Announcement

Collapse
No announcement yet.

Watched Last Night

Collapse
X
 
  • Filter
  • Time
  • Show
Clear All
new posts

  • Up the Junction (1967). Rich girl Polly leaves her mansion in Chelsea to go and work in a Battersea sweet factory and live in a rotting flat with third-hand furniture. She meets working lad Peter whose view of life is the complete opposite as he finds "real life" intolerable and seeks a way to have the "good life" Polly wants to leave behind.
    A contrived clash of class which wins out due to some decent dramatic, comic and in the case of Aubrey Morris and Hylda Baker, grotesque performances. Suzy Kendall is Polly and Dennis Waterman is Peter and there's excellent work from Maureen Lipman and Adrienne Posta with Liz Fraser as their battleaxe mum, plus some great 60s settings. The gritty work scenes, an abortion and a fatal accident earned the film its "X" certificate, but the direction from Peter Collinson is not at all flashy and there's a rather nice soundtrack from Mike Hugg and Manfred Mann.

    Comment


    • Originally posted by Gerald Lovell View Post
      Up the Junction (1967). Rich girl Polly leaves her mansion in Chelsea to go and work in a Battersea sweet factory and live in a rotting flat with third-hand furniture. She meets working lad Peter whose view of life is the complete opposite as he finds "real life" intolerable and seeks a way to have the "good life" Polly wants to leave behind.
      A contrived clash of class which wins out due to some decent dramatic, comic and in the case of Aubrey Morris and Hylda Baker, grotesque performances. Suzy Kendall is Polly and Dennis Waterman is Peter and there's excellent work from Maureen Lipman and Adrienne Posta with Liz Fraser as their battleaxe mum, plus some great 60s settings. The gritty work scenes, an abortion and a fatal accident earned the film its "X" certificate, but the direction from Peter Collinson is not at all flashy and there's a rather nice soundtrack from Mike Hugg and Manfred Mann.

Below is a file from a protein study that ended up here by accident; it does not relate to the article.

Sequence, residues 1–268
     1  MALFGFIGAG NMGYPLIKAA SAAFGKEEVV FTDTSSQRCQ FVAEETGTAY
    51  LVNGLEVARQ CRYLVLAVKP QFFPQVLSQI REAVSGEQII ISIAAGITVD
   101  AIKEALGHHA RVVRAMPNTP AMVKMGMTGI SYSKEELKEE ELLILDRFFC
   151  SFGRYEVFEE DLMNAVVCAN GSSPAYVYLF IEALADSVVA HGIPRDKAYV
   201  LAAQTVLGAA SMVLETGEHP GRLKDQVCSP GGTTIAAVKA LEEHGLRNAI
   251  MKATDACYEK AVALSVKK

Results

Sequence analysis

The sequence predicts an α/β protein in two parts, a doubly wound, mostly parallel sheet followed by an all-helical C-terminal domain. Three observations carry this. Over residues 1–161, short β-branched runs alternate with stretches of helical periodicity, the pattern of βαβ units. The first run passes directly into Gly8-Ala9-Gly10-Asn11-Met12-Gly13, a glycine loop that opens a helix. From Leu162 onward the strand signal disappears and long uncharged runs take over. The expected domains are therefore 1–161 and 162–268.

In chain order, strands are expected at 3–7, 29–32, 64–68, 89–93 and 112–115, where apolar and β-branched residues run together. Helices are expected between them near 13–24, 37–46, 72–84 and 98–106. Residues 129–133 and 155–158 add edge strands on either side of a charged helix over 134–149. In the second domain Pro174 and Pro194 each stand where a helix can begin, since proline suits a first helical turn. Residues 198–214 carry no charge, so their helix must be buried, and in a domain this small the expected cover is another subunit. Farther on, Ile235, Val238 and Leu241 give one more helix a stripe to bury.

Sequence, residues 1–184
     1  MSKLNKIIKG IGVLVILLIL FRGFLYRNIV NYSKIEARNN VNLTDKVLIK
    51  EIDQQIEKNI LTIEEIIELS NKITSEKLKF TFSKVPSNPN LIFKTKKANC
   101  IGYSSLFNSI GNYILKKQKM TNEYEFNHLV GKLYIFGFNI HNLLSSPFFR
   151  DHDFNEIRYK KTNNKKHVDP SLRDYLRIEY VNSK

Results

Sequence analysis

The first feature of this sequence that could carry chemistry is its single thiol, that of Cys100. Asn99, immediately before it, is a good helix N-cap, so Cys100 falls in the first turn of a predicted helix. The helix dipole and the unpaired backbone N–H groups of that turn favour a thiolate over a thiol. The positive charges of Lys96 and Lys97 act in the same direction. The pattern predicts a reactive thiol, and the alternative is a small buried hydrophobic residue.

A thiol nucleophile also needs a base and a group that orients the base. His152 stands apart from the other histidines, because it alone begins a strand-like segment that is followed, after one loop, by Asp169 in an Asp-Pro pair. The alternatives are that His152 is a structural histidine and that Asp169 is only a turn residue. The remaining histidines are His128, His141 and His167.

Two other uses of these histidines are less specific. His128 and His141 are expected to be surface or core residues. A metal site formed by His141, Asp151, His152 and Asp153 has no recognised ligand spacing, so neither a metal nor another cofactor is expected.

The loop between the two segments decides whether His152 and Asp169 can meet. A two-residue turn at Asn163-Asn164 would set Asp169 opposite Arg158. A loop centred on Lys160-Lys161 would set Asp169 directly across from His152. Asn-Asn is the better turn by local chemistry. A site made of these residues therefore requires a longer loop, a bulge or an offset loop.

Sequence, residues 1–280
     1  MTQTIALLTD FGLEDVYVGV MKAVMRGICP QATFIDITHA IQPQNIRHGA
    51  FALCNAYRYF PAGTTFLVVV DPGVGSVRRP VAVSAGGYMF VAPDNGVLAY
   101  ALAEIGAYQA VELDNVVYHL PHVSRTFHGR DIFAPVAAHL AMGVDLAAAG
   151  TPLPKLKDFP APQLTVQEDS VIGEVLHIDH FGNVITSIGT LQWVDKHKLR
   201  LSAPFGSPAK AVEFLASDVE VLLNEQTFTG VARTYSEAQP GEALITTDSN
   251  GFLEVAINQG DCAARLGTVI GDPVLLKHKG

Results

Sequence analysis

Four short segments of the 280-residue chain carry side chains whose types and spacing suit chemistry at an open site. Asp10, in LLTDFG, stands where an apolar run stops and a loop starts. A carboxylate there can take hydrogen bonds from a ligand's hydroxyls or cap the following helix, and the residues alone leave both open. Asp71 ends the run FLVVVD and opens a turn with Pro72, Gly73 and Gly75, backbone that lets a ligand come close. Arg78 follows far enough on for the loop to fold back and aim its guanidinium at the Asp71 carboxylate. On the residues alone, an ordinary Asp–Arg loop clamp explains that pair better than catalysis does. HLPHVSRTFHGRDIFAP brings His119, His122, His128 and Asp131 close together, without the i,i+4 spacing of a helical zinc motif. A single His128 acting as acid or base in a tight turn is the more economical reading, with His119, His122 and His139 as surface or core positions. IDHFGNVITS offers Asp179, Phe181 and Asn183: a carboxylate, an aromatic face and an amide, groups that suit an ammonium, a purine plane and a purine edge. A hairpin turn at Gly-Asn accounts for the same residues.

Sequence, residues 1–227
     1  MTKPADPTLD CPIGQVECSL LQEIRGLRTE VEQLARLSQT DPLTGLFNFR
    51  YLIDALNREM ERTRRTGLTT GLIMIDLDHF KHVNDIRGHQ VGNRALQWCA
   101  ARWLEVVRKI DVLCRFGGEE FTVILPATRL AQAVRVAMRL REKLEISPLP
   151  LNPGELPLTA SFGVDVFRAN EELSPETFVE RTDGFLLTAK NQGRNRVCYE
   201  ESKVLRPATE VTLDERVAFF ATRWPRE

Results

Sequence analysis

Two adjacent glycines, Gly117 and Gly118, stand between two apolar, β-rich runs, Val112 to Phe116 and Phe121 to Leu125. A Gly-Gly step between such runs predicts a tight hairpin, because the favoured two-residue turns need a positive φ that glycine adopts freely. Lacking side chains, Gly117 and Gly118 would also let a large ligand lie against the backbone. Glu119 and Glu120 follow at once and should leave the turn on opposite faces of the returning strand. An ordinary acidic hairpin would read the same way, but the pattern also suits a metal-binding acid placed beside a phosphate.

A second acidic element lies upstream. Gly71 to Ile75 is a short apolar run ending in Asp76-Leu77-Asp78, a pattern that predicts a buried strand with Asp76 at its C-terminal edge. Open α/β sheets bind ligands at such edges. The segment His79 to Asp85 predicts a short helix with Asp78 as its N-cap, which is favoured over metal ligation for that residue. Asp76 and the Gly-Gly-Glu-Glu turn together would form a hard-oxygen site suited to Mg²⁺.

A favourite of mine. I was on a Zoom meeting recently where Maureen Lipman was the guest speaker and I asked her about the making of Up the Junction. She said it was a lot of fun and got on well with Adrienne Posta and co. I didn't realise that Susan George was in it until Maureen mentioned that it was one of her first films. Good choice as always Gerald.

      Comment


      • Originally posted by Odeonman View Post

        I remember having to sit through Live It Up when I was taken to see A Stitch in Time at the local Odeon the week after Christmas 1963. All I remembered of it was Patsy Ann Noble singing Accidents Will Happen.
        You were lucky - I had to sit through Summer Holiday in 1963 (I think my dad had the hots for Una Stubbs LOL)